I just took a look at the blog section on flickr and there are no technical posts, only marketing blog posts. a quick search for ‘flickr security’ on google results in a few security risks on flickr. I can’t claim to follow flickr as closely as I follow smugmug, but my impression is that they probably have a similar number of potential flaws, but handle them differently.

    Keep up the good work folks.

    On a side note… If you think that anything you put on the internet is secure, think again. Somewhere, some admin has access to everything you put on the internet.. Yes, that means your bank account number, your social security number, everything. I have seen first hand the atrocious way that a number of reputable companies store your data, and its a joke. Have you ever been in the kitchen of your favorite “home style” mexican restaurant down the street?

    Gordon Ramsey could do a show called “Hell’s Information Security policies”, and you’d be amazed. 95% of security measures in place on the internet are merely to keep honest people honest, and do not provide significant protection from a bad guy with enough motiviation. Don’t fool yourselves 🙂

  7. Nick
    February 21, 2008 at 10:18 pm

    Don, I am a IT Security professional, and I work in a SaaS environment as well. I have some comments here.
    I did not join the witch hunt you wanted everyone to do because of ethical bounds and potential legal ramifications. That is besides the point.

    As for the security firm, I couldn’t agree more. You have to worry about those types of firms “leaking” your name and results. Working for a company that also has independent audits performed, I would like to give some words of wisdom.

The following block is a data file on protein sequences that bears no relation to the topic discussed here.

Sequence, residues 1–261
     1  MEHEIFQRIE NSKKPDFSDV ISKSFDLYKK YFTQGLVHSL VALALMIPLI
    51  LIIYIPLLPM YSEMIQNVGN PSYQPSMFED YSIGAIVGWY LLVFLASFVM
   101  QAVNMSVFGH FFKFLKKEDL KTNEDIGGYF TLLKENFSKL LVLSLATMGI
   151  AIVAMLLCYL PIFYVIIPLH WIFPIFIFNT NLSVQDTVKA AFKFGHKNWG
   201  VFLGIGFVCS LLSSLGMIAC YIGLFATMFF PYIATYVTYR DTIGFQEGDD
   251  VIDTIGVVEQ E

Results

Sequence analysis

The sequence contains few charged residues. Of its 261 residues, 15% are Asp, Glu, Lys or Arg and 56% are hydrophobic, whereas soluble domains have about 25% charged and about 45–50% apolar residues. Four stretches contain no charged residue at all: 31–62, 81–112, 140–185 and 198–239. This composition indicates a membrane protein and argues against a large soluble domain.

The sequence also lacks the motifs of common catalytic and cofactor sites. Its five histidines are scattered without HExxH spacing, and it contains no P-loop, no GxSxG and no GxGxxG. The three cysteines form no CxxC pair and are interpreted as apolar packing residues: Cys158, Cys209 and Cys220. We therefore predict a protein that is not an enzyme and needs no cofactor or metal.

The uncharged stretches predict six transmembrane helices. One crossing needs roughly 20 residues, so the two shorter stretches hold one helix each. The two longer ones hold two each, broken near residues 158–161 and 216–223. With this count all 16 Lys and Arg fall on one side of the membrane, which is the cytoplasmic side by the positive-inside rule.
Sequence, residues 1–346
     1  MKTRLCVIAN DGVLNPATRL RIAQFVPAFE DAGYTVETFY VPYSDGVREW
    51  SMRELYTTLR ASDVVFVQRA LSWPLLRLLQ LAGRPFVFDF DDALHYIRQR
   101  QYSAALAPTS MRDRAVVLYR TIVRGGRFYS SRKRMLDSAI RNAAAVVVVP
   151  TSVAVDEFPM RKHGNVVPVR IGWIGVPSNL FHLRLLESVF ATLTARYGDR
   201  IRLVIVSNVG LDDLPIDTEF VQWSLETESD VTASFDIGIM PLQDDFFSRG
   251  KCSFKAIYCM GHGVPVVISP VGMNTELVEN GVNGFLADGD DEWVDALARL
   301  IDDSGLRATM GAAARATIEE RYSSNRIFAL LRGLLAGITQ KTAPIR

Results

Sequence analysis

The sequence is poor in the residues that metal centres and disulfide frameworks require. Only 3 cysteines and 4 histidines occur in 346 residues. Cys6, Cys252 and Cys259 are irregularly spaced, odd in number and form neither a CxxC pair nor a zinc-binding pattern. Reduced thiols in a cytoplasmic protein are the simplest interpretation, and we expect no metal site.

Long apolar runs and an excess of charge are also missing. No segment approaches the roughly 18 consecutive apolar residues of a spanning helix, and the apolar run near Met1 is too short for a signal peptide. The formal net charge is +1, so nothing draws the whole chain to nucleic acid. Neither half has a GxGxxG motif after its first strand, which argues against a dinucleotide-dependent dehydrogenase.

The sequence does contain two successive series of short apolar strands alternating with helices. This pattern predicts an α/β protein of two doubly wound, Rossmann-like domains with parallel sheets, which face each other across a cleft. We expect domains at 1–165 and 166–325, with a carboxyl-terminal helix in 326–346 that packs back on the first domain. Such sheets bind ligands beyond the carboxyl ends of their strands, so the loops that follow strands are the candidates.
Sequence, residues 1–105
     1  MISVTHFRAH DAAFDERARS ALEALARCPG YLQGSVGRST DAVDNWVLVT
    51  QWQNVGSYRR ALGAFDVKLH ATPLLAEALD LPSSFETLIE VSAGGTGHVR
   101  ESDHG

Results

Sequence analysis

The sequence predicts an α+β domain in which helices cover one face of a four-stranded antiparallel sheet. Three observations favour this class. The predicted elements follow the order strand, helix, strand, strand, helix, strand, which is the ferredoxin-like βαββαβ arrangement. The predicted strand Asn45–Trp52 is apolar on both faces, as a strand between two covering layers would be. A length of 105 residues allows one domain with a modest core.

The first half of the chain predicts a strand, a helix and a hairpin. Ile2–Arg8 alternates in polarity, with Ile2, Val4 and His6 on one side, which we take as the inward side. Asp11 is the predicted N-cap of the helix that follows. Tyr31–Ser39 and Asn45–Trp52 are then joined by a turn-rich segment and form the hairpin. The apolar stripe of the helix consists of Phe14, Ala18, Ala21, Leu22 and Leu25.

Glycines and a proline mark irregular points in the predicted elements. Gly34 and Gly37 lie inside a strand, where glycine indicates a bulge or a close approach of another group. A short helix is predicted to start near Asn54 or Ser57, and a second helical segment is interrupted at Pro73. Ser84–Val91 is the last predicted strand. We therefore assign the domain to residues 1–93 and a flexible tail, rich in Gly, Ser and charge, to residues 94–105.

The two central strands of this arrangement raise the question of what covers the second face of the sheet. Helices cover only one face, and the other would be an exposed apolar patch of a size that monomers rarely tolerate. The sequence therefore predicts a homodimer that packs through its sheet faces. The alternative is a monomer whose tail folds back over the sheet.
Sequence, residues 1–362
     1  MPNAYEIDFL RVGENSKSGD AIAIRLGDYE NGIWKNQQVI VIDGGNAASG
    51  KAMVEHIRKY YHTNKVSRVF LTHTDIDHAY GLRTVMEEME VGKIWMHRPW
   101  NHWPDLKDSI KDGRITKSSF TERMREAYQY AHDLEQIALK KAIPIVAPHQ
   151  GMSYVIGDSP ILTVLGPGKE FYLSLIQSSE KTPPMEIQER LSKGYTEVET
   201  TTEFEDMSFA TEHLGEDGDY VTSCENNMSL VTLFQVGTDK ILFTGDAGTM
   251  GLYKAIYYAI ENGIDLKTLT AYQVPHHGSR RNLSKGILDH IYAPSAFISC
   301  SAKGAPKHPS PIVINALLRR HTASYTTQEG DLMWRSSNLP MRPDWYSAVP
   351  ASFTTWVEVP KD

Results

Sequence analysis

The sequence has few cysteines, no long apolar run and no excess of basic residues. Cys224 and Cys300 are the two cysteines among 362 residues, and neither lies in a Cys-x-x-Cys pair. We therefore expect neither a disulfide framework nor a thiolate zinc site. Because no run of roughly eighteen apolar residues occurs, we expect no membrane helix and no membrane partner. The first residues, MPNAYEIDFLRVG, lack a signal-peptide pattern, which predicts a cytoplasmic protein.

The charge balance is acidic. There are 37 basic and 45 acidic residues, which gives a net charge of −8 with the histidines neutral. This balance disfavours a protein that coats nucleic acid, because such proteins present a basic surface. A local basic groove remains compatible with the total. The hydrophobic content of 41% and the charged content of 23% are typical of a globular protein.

Have very strict NDA’s in place.
    Have your attorneys review everything to make sure they can not leak your report.
    Ask them questions about how they keep their networks secure (remember your dirty laundry is now on their systems). You would be suprised…
    If they can’t manage their own network, don’t think they know how to tell you to manage yours.
    Get a nice exec summary that you can release to potential clients who ask for it. Think twice before publishing the executive summary online.
    Confine the space they can work within. No trojans, back doors, DOS, etc.
    Give them time frames when your site is not busy in case they do cause harm or impact your site.
    Get references and check them.
    Change your vendor every two audit cycles. This keeps it independent and nobody gets time to “relax”.

    Full disclosure: I do not work for any consulting firm, nor do I have ANY financial incentive with any consulting firms.

    If you want to know more about my “pains”, contact me offline and I would be happy to talk with you.

  8. March 2, 2008 at 3:09 pm

    Smugmug has set the standard in customer service and valuing the customer. I fired an internet service because they just didn’t measure up to Smugmug’s standards. Your ethics and fabulous treatment of your customers make me want to be a lifetime Smugmug customer!

  9. November 6, 2009 at 3:59 pm

    Love it! You got me so excited to get one and start shooting video!

  1. March 5, 2008 at 9:38 am
  2. March 5, 2008 at 2:39 pm